Thank you for your Opinion piece on engaging teens. It was so refreshing to hear your message which gave voice to exactly what I’ve been observing for decades. As a stay-at-home Dad of four kids for 18 years, (two teenagers currently) I’ve come to the same conclusion and couldn’t agree with you more. My 18 year old son is a rising Senior and hates school so much (always has) he said he would drop out in a second if he could! Every one of his friends say the same thing. What you’re advocating is a proven educational and learning approach that not only leads to a thriving classroom but most importantly, life and growth! I experienced this style of real learning for the first time during my junior year of college! (Dr. Padilla’s Sociology class where I was totally “dialed in”!) I know exactly what you’re talking about. What a waste that I didn’t experience this all my life! Even periodically. It taps into the desperate needs of a young mind at the most crucial stages of their lifelong development. It helps them drive their learning, realize their potential, build confidence, and grow. Why are we on autopilot (politically correct people and school boards)? What are we afraid of? The proof is shown in your article and in my experience. Why do we continue to educate in a fashion that breeds academic laziness, and utter contempt for learning and growing? It seems to me that the public school teachers I’ve read about who are regularly selected for teacher-of-the-year awards, and the successful private schools, use the very methods you described in some form or fashion. What are we waiting for?

    Here is what resonated with me from your article: provide the students with a course that will help them acquire information to make better decisions… (work that prefrontal cortex); with your guidance, the students could choose the course content and negotiate how you would teach it and evaluate their work; your freedom to engage the students to commit and become better human beings; the depth of choices students had to pull from, like interviews, 15 min documentaries, etc; the collaboration with other groups, like community experts, theatre arts director, school librarian; the support from colleagues, the school administration, social and health service agencies, etc. A brilliant way of building relationships between old and young as well as engaging and enriching everyone! Win-win. Attendance during War Games was 100%! That’s how we get kids to stay in school as well as prepare them for life. It’s so obvious and reeks of common sense.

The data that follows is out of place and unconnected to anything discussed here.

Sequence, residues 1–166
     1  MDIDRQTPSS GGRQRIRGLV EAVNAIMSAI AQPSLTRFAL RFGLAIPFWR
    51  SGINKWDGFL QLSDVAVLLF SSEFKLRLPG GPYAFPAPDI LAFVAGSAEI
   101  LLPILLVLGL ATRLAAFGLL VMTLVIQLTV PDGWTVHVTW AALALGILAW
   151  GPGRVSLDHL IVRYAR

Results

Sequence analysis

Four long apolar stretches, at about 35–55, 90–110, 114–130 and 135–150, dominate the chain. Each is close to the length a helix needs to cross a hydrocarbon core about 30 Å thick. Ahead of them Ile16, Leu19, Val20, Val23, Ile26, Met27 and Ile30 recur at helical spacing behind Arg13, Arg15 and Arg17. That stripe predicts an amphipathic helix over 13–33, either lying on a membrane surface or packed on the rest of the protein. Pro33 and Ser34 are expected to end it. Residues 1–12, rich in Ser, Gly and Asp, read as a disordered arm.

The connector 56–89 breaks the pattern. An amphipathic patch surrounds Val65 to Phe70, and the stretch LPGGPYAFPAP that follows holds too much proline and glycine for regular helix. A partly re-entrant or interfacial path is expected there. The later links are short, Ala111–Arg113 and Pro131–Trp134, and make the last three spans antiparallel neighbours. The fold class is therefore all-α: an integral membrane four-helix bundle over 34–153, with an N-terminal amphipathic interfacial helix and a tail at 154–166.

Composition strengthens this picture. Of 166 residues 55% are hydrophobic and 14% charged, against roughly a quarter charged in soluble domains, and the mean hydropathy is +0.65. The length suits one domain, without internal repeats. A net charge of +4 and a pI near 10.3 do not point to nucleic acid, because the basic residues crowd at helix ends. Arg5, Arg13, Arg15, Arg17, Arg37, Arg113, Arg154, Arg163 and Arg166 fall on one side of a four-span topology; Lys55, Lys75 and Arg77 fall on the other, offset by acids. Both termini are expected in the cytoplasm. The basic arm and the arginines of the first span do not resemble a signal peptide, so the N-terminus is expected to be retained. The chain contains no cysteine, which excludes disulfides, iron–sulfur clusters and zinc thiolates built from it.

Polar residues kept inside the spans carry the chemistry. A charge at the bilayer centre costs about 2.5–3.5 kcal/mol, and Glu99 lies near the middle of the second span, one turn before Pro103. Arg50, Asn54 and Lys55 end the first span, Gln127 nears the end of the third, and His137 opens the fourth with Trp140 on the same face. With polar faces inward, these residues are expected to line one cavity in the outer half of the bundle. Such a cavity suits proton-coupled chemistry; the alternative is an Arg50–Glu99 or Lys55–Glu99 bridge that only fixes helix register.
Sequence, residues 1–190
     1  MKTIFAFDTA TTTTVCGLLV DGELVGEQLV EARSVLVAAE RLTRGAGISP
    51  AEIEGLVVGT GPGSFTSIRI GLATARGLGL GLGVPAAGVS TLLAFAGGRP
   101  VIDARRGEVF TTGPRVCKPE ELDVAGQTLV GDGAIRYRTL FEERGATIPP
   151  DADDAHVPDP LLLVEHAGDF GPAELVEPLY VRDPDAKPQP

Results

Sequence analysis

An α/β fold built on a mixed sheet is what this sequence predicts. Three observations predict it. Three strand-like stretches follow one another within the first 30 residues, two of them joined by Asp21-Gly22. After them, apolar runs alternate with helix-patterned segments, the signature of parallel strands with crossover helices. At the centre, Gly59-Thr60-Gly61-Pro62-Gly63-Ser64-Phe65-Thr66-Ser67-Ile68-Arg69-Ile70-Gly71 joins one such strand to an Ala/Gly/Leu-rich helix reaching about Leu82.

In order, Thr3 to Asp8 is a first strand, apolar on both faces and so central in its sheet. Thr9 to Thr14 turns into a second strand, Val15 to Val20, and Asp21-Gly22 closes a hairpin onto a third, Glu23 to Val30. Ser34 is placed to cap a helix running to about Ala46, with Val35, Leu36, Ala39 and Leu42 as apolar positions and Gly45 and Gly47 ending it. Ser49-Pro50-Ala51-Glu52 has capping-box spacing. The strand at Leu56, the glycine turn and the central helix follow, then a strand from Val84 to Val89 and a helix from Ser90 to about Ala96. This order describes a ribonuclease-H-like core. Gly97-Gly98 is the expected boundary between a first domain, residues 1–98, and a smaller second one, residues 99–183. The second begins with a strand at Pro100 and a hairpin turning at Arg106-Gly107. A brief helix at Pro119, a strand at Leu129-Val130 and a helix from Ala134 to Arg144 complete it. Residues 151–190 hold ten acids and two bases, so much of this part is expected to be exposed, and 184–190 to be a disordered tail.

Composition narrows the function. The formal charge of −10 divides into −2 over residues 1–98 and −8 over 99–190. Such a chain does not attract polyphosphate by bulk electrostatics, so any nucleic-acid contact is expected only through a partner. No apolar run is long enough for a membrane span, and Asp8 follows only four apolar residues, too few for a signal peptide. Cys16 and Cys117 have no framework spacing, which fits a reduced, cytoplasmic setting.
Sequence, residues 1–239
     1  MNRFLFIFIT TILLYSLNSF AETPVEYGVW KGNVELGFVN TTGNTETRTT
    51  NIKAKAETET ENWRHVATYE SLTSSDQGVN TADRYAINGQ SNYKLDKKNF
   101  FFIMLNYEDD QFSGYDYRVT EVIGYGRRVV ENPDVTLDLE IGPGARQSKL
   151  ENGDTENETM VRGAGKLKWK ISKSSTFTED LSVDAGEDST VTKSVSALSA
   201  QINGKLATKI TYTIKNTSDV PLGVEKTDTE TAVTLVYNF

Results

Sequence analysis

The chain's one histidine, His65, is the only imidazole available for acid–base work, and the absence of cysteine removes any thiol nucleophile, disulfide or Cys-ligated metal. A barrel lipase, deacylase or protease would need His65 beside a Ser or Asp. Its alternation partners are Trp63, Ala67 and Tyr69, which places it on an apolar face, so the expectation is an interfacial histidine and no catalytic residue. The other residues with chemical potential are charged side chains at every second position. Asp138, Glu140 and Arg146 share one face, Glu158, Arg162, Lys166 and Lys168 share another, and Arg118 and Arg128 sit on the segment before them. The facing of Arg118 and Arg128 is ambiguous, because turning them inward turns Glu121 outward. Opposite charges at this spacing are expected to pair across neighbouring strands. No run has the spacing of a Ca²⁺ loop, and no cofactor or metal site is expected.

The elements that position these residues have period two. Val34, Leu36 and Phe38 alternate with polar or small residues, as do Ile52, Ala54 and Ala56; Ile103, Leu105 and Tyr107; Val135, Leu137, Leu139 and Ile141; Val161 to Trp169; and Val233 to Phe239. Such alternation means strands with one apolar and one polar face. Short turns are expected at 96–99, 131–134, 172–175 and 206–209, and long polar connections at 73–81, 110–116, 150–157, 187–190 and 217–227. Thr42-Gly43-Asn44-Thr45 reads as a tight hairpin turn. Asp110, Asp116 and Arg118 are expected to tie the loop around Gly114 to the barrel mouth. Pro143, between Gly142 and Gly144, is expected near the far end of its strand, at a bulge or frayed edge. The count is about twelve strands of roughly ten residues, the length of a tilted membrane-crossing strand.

Finally, and most important to highlight, is the part of your assignment where you were to be available to students who requested help to work through personal issues. This is the key and I cannot stress this point enough. We need to learn from Berkeley and realize that today, like those days, is a cauldron of contentious polarization and that students need to grow up in a hurry. The exposure of the internet, mobile devices, and social media has created a critical need to engage students immediately to counteract the tragic moral crash and decline of even basic civility, as well as the rise in broken homes, depression, anxiety, disillusionment, hopelessness, drug use, and suicide. The well-meaning, fancy multi-media presentations simply cannot lead the way. Schools by default are the arena where domestic and personal issues are naturally played out. What an opportunity to triage young people who are in excruciating pain and need our help.

    If the public schools adopted the approach you described, students would blossom and thrive, and statistics would show personal, social, emotional, and academic growth to be off the charts. The edifying domino effect on society would be immeasurable. It’s critical to acknowledge the capacity and longing of teens to creatively address and solve problems if given the chance. They are the future. They are floundering, exhausted, and begging us to help them maneuver through the teenage years. We are creating program after program (DARE, FLE, SOLs) rather than collaborating and succeeding. Does the United States win anymore?

    Thank you again, Dr. Stern. I can only pray that parents, Loudoun County high schools, and area youth agencies will come together and take a look at the approach you used to address such issues and not ignore how the adolescent brain works. Wait, there goes the autopilot alarm! Why don’t we include the teens and get to work strengthening their commitment to become better human beings?